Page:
The biceps muscle has two attachments around the glenohumeral joint. The so-called short head is attached to the coracoid bone in front of the joint. Ruptures to the short head occur very seldom. The long biceps tendon is much thinner than the short one. It derives from the upper part of the glenohumeral joint and goes through the rotator cuff structure in a complicated manner. It is the long tendon of the biceps muscle which most often encounters various problems such as spontaneous ruptures.
In conjunction with rotator cuff problems, the biceps tendon may be frayed or tendinotic, i.e. it has permanent degenerative changes in its structure. A tendinotic tendon is painful and weak and a spontaneous rupture of the tendon may occur. The biceps tendon may also be unstable and even dislocate. The long tendon may rupture even with the slightest stress and a so-called Popeye shape forms on the biceps muscle. There may be a hematoma on the muscle and it is often prone to cramps. Treatment of a spontaneous biceps rupture is generally conservative, i.e. non-operative. The bruises and cramping disappear with time. The biceps muscle loses some of its strength but this strongly depends on the initial level of strength in the muscle. Later, the degree of strength is more or less a matter of exercise. The disability caused by a rupture in the long head of the biceps is considered minor.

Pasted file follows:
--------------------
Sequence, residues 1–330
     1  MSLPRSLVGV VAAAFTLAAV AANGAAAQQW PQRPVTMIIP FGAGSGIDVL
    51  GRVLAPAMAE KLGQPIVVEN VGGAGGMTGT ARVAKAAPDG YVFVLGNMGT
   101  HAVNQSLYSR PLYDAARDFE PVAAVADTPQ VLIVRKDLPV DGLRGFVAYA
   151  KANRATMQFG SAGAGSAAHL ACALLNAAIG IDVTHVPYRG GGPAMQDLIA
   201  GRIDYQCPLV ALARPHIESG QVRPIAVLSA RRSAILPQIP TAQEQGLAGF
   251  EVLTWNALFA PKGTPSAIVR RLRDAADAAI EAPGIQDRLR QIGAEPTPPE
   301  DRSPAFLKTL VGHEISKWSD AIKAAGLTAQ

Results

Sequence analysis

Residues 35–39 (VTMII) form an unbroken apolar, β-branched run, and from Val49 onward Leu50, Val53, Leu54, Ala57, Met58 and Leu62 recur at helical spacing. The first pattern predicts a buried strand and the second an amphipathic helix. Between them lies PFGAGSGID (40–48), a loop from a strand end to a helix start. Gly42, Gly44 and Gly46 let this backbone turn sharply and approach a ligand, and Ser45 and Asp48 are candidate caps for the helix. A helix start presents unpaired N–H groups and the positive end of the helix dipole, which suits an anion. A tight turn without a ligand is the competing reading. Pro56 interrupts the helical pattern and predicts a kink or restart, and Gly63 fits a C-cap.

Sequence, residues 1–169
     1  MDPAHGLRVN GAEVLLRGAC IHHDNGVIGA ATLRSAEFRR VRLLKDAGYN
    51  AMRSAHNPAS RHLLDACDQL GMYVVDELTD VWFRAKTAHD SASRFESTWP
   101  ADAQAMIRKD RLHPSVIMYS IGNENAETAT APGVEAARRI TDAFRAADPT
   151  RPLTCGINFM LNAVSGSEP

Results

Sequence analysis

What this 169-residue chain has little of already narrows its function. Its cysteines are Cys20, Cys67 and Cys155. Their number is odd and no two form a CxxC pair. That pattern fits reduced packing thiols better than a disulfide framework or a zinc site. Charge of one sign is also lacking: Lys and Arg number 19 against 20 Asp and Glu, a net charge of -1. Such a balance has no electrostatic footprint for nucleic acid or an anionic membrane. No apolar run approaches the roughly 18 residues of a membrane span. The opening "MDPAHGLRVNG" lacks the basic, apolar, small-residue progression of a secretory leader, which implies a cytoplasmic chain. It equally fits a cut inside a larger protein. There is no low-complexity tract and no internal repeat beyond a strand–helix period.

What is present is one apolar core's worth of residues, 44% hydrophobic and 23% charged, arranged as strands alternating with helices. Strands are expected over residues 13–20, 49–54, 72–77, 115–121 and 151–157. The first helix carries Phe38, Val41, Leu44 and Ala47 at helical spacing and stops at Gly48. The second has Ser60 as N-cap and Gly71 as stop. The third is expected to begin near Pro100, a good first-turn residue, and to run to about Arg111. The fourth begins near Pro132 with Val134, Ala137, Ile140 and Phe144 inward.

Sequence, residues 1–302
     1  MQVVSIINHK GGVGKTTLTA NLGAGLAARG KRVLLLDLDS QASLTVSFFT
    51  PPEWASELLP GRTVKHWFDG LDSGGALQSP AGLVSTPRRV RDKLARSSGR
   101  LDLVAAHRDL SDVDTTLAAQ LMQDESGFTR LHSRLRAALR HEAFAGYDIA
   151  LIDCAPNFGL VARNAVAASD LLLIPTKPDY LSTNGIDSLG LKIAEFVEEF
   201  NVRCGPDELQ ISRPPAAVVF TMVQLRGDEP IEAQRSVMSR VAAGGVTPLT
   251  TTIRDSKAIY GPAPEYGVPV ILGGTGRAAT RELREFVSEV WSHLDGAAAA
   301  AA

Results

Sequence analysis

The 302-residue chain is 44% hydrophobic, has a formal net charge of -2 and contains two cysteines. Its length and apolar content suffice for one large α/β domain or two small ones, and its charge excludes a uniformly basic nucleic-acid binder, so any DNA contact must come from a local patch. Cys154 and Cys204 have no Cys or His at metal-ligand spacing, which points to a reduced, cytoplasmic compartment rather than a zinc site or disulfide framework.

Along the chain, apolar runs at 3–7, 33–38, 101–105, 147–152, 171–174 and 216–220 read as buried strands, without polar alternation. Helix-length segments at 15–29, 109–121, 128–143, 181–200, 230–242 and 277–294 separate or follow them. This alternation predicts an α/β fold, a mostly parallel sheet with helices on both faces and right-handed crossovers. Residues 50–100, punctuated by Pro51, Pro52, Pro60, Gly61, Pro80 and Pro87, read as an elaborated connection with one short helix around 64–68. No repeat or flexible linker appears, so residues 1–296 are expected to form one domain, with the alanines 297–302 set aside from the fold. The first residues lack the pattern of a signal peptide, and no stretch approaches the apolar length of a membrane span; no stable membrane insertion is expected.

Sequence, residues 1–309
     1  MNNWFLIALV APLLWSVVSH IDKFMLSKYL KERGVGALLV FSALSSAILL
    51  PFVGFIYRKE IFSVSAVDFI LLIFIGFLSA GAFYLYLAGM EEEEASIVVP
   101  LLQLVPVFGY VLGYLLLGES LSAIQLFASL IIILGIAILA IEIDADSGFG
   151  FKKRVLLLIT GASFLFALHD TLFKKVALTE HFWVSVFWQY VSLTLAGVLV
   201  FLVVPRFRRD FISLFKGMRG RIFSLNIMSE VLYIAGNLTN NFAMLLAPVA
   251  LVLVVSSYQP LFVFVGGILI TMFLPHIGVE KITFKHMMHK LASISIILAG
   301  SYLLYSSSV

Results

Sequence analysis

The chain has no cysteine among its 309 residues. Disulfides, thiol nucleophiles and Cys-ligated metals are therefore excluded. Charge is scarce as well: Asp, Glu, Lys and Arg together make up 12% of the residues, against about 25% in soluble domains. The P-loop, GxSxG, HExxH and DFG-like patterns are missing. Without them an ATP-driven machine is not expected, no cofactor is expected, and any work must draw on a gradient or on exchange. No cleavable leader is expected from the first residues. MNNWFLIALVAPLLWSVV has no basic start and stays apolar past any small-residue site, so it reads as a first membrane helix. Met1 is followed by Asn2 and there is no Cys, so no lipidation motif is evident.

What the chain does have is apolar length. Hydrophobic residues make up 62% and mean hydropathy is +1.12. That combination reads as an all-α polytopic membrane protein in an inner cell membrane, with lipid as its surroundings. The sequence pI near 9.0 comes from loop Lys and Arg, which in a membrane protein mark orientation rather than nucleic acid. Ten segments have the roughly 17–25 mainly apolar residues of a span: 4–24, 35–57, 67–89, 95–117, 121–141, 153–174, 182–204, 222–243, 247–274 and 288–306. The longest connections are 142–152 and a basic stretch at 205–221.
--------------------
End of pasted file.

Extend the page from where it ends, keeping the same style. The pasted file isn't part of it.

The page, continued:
Treatment of a partially ruptured or dislocated biceps tendon rupture /
long head biceps tenodesis
In shoulder surgery, situations where the long biceps tendon is either of poor quality or unstable may be encountered. There are two alternatives: either the damaged tendon is severed or a tenodesis is performed. If the tendon is cut, it is let to retract and the biceps muscle forms the Popeye shape.
Tenodesis involves fixing the long head of biceps tendon on its course to the humeral bone. In this way, no Popeye shape occurs and after the healing period the tendon functions nearly normally. Reasons to perform a tenodesis may include a partial rupture of the biceps tendon or a large upper labral tear under the biceps tendon attachment (SLAP tear).
The patient wears a sling for four weeks and is permitted to do light rotatory movements and passively lift his/her arm depending on the severity of the pain. The patient can write, use a computer, make coffee, eat, etc. However, the patient must be extremely careful not to harm the tenodesis. No heavy objects should be lifted to avoid loosening the fixed tendon.
The sling is removed after four weeks and active rehabilitation may begin –6 weeks after surgery. The patient may engage in heavy labor 3 months and sports 4–6 months after surgery.